Exclusive: He Lost His Sight but Bagged 13 Medals and a Rhodes Scholarship!
A visually-impaired student of Law (LLB) at Dr Ambedkar College, Deekshabhoomi clinched almost 20 awards, including 13 gold medals, at the 105th convocation of Rashtrasant Tukadoji Maharaj Nagpur University (RTMNU).
Rahul was only six-months-old when his family realised that his eyes didn’t respond to visual stimuli the same way as compared to other kids his age. For almost four years, they ran from pillar to post and got numerous tests done with no success. While some doctors deemed it as a passing phase, others failed to diagnose what his condition was all about.
It was only in 1998 when a four-year-old Rahul was taken to Chennai-based Shankar Netralaya, was he diagnosed with a congenital retinal condition that he had been affecting his vision from birth.
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“Growing up I have had less than 5% vision. My visual acuity is 3/60 which what I can see at a distance of three meters, an average person can see at a distance of 60 meters. So my level of vision is such that I am completely blind for all practical purposes,” says Rahul speaking to The Better India.
Today at 23, Rahul is the country’s first disabled student to win the prestigious Rhodes scholarship to pursue a Bachelor of Civil Law and M.Phil from the esteemed Oxford University.
It is also important to say that Rahul doesn’t attach a lot of emphasis to this newly bestowed label, as he doesn’t think his disability is his defining attribute.
Though the general thought process for most parents of children with disabilities where he grew up was to send their kids to a special school, Rahul’s parents fought for his right to an inclusive education. And so, from 2000-2010 he studied at a mainstream school in the city which was funded by The Blind Relief Association.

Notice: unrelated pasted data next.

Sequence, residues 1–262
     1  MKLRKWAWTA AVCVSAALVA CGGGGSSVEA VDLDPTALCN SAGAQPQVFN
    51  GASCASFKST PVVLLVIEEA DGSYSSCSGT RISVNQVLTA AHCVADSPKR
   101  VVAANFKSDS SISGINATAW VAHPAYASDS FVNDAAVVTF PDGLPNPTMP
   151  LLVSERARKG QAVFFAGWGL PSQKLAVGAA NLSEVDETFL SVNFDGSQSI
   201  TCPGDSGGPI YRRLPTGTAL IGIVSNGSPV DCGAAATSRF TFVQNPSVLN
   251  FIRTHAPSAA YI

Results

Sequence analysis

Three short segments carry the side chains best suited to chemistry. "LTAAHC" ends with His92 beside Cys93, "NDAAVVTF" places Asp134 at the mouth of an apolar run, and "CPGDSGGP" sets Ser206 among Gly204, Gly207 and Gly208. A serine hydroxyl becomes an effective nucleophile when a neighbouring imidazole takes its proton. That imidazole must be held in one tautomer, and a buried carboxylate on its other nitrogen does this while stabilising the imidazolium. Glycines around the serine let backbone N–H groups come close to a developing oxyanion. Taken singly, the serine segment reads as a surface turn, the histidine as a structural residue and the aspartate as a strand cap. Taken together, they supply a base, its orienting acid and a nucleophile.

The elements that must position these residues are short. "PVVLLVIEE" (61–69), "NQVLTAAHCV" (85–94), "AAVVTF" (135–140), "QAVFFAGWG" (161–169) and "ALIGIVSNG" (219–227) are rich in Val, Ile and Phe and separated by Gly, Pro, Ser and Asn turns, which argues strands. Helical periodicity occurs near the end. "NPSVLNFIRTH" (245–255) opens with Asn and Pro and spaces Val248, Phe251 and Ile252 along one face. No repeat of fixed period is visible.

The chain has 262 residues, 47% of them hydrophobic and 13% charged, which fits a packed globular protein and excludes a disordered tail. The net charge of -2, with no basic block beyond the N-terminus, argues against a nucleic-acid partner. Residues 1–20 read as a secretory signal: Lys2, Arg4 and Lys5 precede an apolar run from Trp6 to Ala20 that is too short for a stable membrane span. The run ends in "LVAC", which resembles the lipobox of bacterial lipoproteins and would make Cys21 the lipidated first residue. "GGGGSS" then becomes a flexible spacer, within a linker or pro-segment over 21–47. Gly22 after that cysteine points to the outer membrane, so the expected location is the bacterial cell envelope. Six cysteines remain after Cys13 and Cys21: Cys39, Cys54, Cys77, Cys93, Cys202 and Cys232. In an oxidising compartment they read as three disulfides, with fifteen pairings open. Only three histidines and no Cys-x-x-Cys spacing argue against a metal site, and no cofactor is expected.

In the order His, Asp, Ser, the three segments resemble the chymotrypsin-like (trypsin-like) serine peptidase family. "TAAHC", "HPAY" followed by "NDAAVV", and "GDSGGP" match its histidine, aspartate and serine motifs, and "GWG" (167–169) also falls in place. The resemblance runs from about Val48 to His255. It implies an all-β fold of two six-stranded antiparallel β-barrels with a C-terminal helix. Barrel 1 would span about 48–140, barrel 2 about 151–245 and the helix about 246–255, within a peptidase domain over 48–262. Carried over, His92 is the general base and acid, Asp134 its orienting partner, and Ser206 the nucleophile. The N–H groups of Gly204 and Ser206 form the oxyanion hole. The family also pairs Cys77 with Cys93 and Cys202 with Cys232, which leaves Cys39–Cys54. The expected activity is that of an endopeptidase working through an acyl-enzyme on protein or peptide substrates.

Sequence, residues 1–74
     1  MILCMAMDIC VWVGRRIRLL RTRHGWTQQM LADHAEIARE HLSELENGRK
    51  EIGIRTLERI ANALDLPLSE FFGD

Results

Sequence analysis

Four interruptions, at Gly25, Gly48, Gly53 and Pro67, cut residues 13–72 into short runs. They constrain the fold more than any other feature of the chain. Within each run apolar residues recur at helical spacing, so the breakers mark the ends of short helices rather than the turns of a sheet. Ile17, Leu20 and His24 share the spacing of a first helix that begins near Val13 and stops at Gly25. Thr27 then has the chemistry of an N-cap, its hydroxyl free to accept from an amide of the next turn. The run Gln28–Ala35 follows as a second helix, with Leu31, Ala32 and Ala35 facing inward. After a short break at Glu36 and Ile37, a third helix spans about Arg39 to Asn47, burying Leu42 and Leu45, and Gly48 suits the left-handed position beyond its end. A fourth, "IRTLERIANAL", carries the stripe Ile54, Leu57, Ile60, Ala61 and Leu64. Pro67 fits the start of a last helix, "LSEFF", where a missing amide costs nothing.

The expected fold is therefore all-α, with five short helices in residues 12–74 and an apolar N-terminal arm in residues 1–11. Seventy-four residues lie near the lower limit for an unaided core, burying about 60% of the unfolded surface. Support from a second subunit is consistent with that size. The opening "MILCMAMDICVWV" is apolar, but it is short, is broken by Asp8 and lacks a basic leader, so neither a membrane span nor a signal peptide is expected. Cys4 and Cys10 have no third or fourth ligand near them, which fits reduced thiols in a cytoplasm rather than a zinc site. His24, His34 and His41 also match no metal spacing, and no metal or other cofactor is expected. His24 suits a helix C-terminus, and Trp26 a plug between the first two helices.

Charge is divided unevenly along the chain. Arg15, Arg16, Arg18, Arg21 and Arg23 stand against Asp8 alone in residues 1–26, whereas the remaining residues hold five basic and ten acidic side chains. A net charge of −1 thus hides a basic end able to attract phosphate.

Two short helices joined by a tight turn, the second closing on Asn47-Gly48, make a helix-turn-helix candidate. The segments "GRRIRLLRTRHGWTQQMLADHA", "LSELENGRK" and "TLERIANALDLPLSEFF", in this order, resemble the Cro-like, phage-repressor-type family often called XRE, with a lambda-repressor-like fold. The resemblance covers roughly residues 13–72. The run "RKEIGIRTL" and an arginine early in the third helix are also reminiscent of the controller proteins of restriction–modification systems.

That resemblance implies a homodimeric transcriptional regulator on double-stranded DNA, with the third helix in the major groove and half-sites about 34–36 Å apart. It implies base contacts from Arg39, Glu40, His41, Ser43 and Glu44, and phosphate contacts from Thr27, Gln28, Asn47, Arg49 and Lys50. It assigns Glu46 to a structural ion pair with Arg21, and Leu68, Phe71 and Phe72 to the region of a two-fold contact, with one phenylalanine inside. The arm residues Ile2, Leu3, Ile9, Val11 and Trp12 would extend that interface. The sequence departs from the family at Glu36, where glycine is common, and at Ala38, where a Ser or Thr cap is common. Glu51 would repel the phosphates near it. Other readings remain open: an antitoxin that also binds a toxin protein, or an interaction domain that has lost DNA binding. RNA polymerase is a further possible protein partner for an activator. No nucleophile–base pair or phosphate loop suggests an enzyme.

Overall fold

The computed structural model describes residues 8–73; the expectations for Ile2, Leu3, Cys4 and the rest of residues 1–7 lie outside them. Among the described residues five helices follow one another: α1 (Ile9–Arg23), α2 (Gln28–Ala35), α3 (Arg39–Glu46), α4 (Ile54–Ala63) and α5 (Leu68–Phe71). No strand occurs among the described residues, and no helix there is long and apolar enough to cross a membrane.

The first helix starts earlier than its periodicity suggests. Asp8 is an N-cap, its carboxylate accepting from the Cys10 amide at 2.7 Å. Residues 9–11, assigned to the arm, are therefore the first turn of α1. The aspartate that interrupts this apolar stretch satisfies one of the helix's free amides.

The school hadn’t had any students with disabilities until Rahul was admitted. Despite the many challenges he faced, the underlying idea for the boy as well as his family was to learn from their mistakes and move forward in a very constructive way.
Soon after he finished his junior college, Rahul decided to pursue law.
Speaking about his motivation and inclination to explore a career in law, the 23-year-old – who works as an associate for Trilegal – says, “As someone with a disability, I realised at a very early age the importance of learning to advocate for yourself. Learning to assert yourself and make your voice heard. And when I knew the intricacies of self-advocacy, the next logical step for me was to advocate for others, and I knew that law was the best medium to do that.”
Rahul’s disability was further exacerbated by the fact that he lived in a small town, he says.
“Growing up there weren’t many stories of successful people with disability I learned about or could draw inspiration from. At the same time, we lacked access to adaptive technology, or infrastructure in several respects when compared to institutes in bigger cities like Mumbai or Delhi,” he says.
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But once he started doing well in academics and carving a niche for himself, Rahul’s disability slowly began receding into the background.
“Your disability isn’t something that goes away; you learn to live with it. And I started coming to terms with it using the other qualities that I was able to bring to the table. Also, I believe that my disability has given me fortitude and resilience to deal with difficult challenges,” he says
Even while pursuing law after his 12th Grade, Rahul decided to take the road less traveled. While most of his peers (who had high aspirations) decided to move to MLUs abroad or in bigger cities, Rahul decided to study in his hometown, Nagpur.
“My family was of the view that MLUs had very few students with disabilities, and the ones who were able to establish a successful career were even fewer. And they didn’t want me to be on the fringes due to these attitudinal and infrastructural barriers.”
Many of Rahul’s peers who attended these law universities did share their experiences of running from pillar to post to get accommodation like a writer, getting extra time or accessible study material.